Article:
Leaked Intel Sapphire Rapids 48-Core CPU With DDR5 Benchmarks Impress
Do you know about Sapphire Rapids
? If you're someone who fiddles about with servers for their day job, you almost assuredly are waiting with bated breath for Intel's upcoming
high-end processors. However, if you're Joe Gamer, or an overclocking enthusiast, you may not be as informed about the forthcoming datacenter darlings.
Built on Intel's "Intel 7" process (formerly known as 10nm Enhanced SuperFin), Sapphire Rapids is the codename for Intel's next Xeon
Scalable processors. These will be the first Xeons to be built using a modular design with multiple "tiles," which would be called "chiplets" in AMD nomenclature. Intel will be using its EMIB packaging
technology to ensure that the tiled chips appear to the system as monolithic CPUs, and that every part of every tile will have access to all of the resources on the other tiles.
Sapphire Rapids will use the essentially same Golden Cove CPU cores as in its current-generation Alder Lake
desktop CPUs, although there will of course be significant modifications to suit the datacenter and HPC markets
. Chief among those changes are new instruction sets, of course, including an FP16 adjunct to AVX-512 as well as the first implementation of Intel's Advanced Matrix Extensions, or AMX.
Each tile of a Sapphire Rapids CPU is itself a complete package with cores, cache, high-speed I/O, and a dual-channel DDR5 memory controller. So saying, a fully-equipped Sapphire Rapids Xeon would have four tiles, with "over 100 MB" of last-level cache and eight-channel DDR5 memory, as well as optional HBM on-package. Intel hasn't revealed the core count of a single tile, but earlier leaks suggested either 56 or as many as 80 cores in a single socket.
So that all sounds great on paper, but it's the performance that matters, right? Chinese leaker YuuKi_AnS (@yuuki_ans
on Twitter) seems to have their hands on a 48-core Sapphire Rapids sample, and has put it through the wringer running numerous benchmarks: AIDA64 cache & memory results, V-RAY, Cinebench R20 and R23, and CPU-Z benchmarks. Let's have a look at the data.
First up are the AIDA64 results, which you can see above compared against an Intel Xeon Platinum 8380 (Ice Lake-SP) machine as well as an AMD EPYC
7773X, which is a Milan-X
chip with 3D V-cache. All three platforms have their strengths; the EPYC chip has by far the fastest cache among them, while the Ice Lake-SP processor enjoys the lowest memory latency. Sapphire Rapids' strength in this benchmark appears to be memory bandwidth. That's no particular surprise given the eight-channel DDR5 interface it enjoys, but it's nice to see the world make sense.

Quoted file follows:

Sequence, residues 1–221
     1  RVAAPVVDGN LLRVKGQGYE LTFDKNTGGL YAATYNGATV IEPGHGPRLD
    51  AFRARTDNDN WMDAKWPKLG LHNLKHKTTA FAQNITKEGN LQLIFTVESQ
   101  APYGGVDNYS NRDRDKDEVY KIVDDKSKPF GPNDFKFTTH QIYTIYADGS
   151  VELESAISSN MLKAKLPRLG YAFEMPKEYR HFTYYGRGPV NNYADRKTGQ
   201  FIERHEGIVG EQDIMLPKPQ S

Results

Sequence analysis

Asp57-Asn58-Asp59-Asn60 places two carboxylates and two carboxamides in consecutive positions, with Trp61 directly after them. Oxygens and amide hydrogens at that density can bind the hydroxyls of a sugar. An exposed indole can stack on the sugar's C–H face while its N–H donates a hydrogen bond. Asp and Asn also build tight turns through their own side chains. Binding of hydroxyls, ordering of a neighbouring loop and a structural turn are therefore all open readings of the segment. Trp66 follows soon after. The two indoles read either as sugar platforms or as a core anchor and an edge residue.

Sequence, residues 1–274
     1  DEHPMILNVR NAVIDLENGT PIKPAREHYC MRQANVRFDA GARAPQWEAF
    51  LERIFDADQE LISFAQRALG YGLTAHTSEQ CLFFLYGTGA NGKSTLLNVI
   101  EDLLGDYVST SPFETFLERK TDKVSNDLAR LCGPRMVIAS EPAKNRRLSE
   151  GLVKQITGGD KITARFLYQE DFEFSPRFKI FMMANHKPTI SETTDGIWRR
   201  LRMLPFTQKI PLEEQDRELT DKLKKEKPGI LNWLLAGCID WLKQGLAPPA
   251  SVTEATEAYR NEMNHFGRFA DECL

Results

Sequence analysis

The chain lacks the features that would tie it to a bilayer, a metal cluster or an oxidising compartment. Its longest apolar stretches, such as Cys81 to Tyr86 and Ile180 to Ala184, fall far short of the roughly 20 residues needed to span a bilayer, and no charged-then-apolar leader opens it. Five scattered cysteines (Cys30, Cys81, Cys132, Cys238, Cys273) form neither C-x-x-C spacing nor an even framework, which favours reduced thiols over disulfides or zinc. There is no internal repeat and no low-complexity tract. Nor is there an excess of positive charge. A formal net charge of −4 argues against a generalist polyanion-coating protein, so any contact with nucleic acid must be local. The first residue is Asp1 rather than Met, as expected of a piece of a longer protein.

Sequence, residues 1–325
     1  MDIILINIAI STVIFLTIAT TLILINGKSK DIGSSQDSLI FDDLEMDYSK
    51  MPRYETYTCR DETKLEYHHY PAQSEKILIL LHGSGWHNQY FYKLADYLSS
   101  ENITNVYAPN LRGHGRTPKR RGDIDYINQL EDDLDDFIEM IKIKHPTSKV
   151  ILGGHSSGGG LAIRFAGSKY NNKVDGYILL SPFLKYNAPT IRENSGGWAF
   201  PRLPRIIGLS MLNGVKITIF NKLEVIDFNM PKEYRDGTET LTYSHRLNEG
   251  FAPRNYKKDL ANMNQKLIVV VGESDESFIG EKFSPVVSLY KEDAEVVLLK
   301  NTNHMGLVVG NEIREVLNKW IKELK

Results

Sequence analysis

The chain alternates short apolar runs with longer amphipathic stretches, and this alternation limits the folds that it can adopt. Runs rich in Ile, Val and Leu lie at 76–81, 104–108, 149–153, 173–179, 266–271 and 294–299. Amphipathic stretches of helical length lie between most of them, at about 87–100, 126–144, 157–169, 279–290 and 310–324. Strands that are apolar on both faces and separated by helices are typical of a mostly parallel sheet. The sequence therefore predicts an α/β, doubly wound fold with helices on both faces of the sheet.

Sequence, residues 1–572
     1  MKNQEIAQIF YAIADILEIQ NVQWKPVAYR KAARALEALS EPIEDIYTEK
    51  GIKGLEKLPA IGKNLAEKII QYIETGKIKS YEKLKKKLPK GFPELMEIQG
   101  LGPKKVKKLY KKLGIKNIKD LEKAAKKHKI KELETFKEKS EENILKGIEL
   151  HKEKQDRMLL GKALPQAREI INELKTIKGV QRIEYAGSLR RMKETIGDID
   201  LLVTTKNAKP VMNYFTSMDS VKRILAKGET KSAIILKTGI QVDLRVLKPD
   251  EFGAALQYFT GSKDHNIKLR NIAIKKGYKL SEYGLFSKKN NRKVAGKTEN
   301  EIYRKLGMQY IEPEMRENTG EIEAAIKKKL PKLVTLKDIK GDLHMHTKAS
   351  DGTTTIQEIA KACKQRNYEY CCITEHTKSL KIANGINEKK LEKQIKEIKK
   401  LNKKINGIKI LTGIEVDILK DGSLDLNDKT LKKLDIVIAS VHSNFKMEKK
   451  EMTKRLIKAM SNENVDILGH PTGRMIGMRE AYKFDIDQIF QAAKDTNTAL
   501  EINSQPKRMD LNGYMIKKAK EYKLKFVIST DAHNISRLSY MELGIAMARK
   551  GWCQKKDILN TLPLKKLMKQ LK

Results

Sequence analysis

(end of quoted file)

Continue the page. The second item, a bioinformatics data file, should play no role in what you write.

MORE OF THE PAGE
In V-Ray, the unreleased SPR Xeon cranked out a score of 75,450 kilo-samples. That already puts it ahead of the Xeon Platinum 8380 at 73008, while the EPYC chip lags behind at 69119, but YuuKi_AnS says that the Sapphire Rapids sample should be able to break through 80,000 with its final release, as the performance of the current version suffers from "bugs in BIOS and processor."
On the topic of Cinebench, YuuKi_AnS actually ran numerous benchmarks, but we'll just take a look at the Cinebench
R20 numbers. Comparing across the three, at a glance it doesn't look great for the upcoming processor. If you look more carefully, though, the EPYC chip's epic performance comes from the fact that it has a full 128 cores—32 more than the dual-socket Sapphire Rapids machine, and 48 more than the Ice Lake box. The SPR chip barely edges out a win against the extant Xeons, but it's also running at just 1.5 GHz, likely owing to it being an early sample. In that context, the performance is actually stunning.
Finally, the CPU-Z data. In both the v17.01.64 version of the benchmark as well as the v19.01.64 version, the EPYC Milan-X chip destroys all comers, even in the single-threaded test. You can see the scores above. None of the single-threaded results are too impressive, but these massively multi-threaded processors run much lower clock rates than your typical desktop chip. It's the multi-threaded scores that are interesting, although admittedly the CPU-Z benchmark doesn't particularly correlate to anything.
YuuKi_AnS tried to run the AVX2 version of the CPU-Z benchmark, but it failed. The leaker comments that in the engineering sample chip that they have, "the AVX instruction set has not been completed." That apparently extends to AVX-512 and the aforementioned AMX instructions, as well, which the leaker calls "paid DLC items." In a later tweet, YuuKi_AnS clarifies that "some functions of HBM2e" as well as "AVX-512 and AMX" will "require payment" to use. This isn't the first we've heard of this kind of "hardware as a service," but Intel quietly dropped that idea a long time
ago. Seeing it again is concerning—if the information is accurate.